Once the pride of Cincinnati's RKO Albee Theatre, the magnificent sound of the Mighty Wurlitzer Organ once again entertains audiences in Cincinnati!
Through the generosity of a donor who wishes to remain anonymous, coordinated through the efforts of the nonprofit organization Friends of Music Hall, led at the time by Norma Petersen, this remarkable instrument now has a permanent home in the ballroom of historic Music Hall.
The History of this Wurlitzer Organ
The organ was built for Cincinnati's RKO Albee Theatre in a factory in a suburb of Buffalo, New York, and cost $55,000. It was shipped to Cincinnati in late July, 1927, and installed that fall in the newly-constructed theatre, which was on Fifth Street, just east of Vine.The elegant and lavishly decorated Albee opened its doors on Christmas Eve, 1927, with the silent feature (aka photoplay) "Get Your Man," along with performances by a jazz group, dancers, a coloratura soprano, and a comedy dancing duo.
In the early decades of the twentieth century, a theatre organ accompanied the showing of silent films. However, as the Wurlitzer organ was being installed in Cincinnati's Albee Theatre, Hollywood was taking the movies in another direction. The "talkies" had arrived with the October 6, 1927, showing of "The Jazz Singer" in New York's Warners' Theatre.
In the late 1960s, RKO donated the organ to the Ohio Mechanics Institute (OMI), which owned Emery Auditorium. OMI installed it in that theatre.
The organ was rebuilt and played for audiences until late 1999, when the Emery was closed. The Wurlitzer was placed in storage under the care of the Ohio Valley chapter of the American Theatre Organ Society.
In 2003, David Klingshirn, founder of the American Classical Music Hall of Fame, was contacted by someone who wanted to fund the rebuilding of the organ. This individual hoped the organ could be installed in Memorial Hall, just south of Music Hall. However, that plan fell through. A proposal surfaced to place the organ in the Music Hall Ballroom, which was believed to be a more suitable location.
The Resurrection of the Mighty Wurlitzer
With an agreement to install the Wurlitzer, and funding in place, Ronald F. Wehmeier started restoration work in 2007.
The "Albee" Mighty Wurlitzer organ now has 31 ranks of 2,000 pipes. The arrangement includes classical ranks which were not part of the original and which expand the organ's repertoire. (A rank is a complete set of pipes, like the violin, the flute, the trumpet, and so on.)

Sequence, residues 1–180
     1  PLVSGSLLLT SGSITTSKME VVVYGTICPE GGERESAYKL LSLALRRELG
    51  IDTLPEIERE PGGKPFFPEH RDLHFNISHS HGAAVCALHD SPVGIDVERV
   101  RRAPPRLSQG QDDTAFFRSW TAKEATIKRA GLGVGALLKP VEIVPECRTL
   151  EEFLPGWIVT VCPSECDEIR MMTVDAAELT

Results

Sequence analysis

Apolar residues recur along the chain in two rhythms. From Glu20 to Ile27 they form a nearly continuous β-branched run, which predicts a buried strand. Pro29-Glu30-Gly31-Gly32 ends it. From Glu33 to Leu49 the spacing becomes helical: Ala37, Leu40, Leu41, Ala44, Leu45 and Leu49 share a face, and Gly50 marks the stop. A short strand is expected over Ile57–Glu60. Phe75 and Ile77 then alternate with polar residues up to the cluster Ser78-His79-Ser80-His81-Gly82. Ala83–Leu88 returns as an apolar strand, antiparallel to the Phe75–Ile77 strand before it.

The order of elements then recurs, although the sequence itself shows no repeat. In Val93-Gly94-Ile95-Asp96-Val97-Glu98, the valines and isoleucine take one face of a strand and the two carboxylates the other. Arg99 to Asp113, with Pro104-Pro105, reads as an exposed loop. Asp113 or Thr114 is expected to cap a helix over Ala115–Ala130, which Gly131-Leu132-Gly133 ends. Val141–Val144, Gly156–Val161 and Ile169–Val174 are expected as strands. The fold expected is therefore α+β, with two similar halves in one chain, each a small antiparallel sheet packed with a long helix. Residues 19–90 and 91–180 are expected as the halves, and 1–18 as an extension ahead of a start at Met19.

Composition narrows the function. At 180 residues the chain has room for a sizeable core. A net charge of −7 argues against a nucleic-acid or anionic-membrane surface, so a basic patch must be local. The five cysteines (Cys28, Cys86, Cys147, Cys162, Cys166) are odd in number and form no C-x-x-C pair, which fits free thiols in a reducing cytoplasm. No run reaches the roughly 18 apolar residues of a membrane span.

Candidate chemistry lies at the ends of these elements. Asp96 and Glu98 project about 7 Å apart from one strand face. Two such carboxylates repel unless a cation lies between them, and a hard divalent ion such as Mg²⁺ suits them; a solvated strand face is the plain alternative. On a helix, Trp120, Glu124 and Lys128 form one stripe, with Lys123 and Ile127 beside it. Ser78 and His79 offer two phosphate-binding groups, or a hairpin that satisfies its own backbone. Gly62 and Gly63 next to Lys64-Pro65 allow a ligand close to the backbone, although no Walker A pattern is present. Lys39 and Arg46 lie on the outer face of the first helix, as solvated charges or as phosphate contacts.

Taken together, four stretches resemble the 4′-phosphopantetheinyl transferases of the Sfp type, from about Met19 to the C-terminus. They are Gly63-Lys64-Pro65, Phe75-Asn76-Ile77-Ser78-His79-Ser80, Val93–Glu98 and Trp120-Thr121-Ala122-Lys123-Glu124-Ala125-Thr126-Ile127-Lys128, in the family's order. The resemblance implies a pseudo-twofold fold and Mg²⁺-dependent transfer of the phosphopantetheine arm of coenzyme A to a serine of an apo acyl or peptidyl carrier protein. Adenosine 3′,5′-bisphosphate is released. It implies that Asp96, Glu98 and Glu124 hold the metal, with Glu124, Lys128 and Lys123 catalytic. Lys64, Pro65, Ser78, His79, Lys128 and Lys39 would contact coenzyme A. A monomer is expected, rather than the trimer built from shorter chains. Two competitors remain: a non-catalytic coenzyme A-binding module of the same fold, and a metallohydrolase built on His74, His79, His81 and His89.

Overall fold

The Steinway Duo-Art Grand Piano
Mr. Wehmeier also added a Steinway Duo-Art Grand 6-foot-6 which he rebuilt and restored. The Steinway was built in 1923-24 in New York. In 1925, the case of the piano was enlarged to accommodate a Duo-Art reproducing player.
The Steinway is playable from the organ console at various pitches. Also, it all comes through the solid-state relay.
In Music Hall
Organ chambers for all the pipes were constructed on the west side of the ballroom and are somewhat "hidden" behind gold-colored grillwork. The center of the grillwork is from the Albee Theatre. Both the organ and the piano are on moveable platforms placed in front of the ballroom's west stage for performances.
When not in use, the consoles are stored in a spotlighted, glass-doored room at the northwest corner of the ballroom.
Organ Concerts in Music Hall
The Friends of Music Hall (FMH) make sure the community has ample opportunity to hear the organ. Concerts are held several times a year and FMH brings in the best organists from around the country. Attendance at these concerts is great. In particular Holiday Concert tickets sell out quickly.
Ron Wehmeier is usually in the house for these concerts and enjoys taking theatre organ enthusiasts behind the scenes.
The Wurlitzer Company
The Wurlitzer Company was founded in Cincinnati in the mid 1800s and originally created a variety of musical instruments. The company's most famous product was the pipe organ, which became known as the "Mighty Wurlitzer" – a designation which became a symbol of quality.
These organs were designed as a "one-man orchestra" and are remembered by many as the "score" or accompaniment to silent movies.
Top organ Image credit: Philip Groshong Photography.